Will I Lose My Stimulus Check if I Owe Child Support?

Will I Lose My Stimulus Check if I Owe Child Support?

Because so many Americans have been impacted, both physically and financially, by the COVID-19 pandemic, the U.S. government has recently issued a two trillion-dollar stimulus package to help those facing financial turmoil. Part of the stimulus package comes in the form of a one-time cash rebate of up to $1,200 for certain qualifying individuals. Of course, this is a sigh of relief for many individuals who are struggling financially. However, if you are currently behind on child support obligations, you may be wondering if your check will be forthcoming? Please continue reading and reach out to our experienced Bergen County family law firm to learn more about how child support arrears may affect whether you can keep your stimulus payment.

Will my stimulus payment be garnished if I owe child support?

Those who have received, or will receive a stimulus check and owe child support either because they lost their job due to the virus or otherwise may now worry that their check will have to be applied towards their outstanding child support obligations. Of course, these are unprecedented times, however, in the past, those who owed child support would have an order entered by the court that requires them to either pay the support directly or through the probation department. When this happens, the probation department will keep track of the child support payments made. When someone pays less than the amount they owe, child support arrears accumulate and result in an outstanding judgment. The probation department will then submit your info, including the amount of past-due support through the Office of Child Support Enforcement (OCSE) to the Department of the Treasury. The Treasury Offset Program (TOP) permits a state’s child support enforcement office to collect on unpaid child support arrears. You will then receive a Pre-Offset Notice that shows the amount of past-due support you owe, and information about how to contest the debt amount.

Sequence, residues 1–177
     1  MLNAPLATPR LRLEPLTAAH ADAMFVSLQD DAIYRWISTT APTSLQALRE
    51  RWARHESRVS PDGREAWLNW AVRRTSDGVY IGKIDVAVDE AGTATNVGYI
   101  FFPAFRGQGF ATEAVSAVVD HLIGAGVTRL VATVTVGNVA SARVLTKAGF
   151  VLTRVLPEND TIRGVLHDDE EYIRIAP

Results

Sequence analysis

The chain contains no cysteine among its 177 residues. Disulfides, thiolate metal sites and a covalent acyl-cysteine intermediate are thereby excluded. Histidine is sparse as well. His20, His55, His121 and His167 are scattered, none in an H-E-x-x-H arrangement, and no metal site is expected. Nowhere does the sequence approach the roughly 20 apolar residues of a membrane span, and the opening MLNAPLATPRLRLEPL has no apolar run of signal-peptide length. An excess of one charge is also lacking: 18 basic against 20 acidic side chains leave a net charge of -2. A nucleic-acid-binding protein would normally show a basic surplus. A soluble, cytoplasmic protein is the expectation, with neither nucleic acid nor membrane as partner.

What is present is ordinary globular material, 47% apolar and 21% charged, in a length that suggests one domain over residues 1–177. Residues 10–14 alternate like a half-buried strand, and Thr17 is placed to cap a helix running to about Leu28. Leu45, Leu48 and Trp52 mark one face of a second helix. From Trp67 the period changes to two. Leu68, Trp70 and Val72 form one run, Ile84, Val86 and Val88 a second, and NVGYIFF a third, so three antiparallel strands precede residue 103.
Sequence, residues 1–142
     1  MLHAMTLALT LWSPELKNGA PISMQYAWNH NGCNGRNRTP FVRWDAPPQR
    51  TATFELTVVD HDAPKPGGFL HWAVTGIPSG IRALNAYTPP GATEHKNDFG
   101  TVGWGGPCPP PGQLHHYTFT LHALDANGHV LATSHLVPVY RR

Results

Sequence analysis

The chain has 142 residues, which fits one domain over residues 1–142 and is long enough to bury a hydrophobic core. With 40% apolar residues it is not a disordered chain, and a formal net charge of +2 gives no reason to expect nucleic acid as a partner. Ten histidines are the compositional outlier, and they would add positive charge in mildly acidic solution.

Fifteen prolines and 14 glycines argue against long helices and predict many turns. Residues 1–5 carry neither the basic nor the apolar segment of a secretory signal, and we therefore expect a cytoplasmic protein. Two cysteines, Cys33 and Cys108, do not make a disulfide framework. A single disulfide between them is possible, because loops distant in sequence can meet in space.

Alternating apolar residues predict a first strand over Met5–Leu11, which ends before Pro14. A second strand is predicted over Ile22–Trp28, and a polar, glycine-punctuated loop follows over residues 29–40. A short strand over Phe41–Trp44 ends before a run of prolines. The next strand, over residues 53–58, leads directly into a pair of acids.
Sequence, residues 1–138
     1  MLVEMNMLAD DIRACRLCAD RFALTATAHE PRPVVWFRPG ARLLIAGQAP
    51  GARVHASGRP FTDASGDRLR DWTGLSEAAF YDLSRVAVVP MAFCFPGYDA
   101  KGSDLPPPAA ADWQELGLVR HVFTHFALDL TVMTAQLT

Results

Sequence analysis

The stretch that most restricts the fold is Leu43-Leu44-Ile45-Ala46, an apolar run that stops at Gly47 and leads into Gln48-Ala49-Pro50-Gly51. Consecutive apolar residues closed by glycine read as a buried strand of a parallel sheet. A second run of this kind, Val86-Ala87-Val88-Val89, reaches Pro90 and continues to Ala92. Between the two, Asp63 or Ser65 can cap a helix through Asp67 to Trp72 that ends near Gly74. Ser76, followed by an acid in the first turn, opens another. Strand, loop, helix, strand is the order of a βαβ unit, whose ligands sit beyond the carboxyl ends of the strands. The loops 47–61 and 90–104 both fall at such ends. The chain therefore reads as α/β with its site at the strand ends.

While it remains uncertain as to whether the Department of Treasury will offset stimulus checks for child support arrears, the Office of Child Support Enforcement (OCSE) has issued correspondence stating that noncustodial parents who receive stimulus payments under the CARES Act may have the checks offset by past-due child support payments.

What if I file a joint tax return?

Typically, if your share of your tax refund as shown on your joint return was, or is expected to be, applied against your spouse’s past-due federal debts (including student loans), state taxes, or support payments, you are considered to be an injured spouse. This typically happens when the tax ID number of the person responsible for the tax liability triggers an offset of the entire refund. If you are entitled to injured relief, you may be able to get your share of the tax refund released to you.

For any additional family law questions, give our knowledgeable, compassionate Bergen County family law attorneys a call today.

Contact our experienced New Jersey firm

We understand how confusing certain legal issues can be, which is why we are dedicated to providing individuals with the compassionate, knowledgeable legal representation they deserve. Aronsohn, Weiner, Salerno & Kaufman has helped clients with various difficult legal challenges for over 40 years, which is why we know we have the experience needed to do the same for you. For experienced legal counsel regarding family law, litigation, business law, real estate, and criminal law, you know where to turn–contact Aronsohn, Weiner, Salerno & Kaufman today to schedule a consultation.

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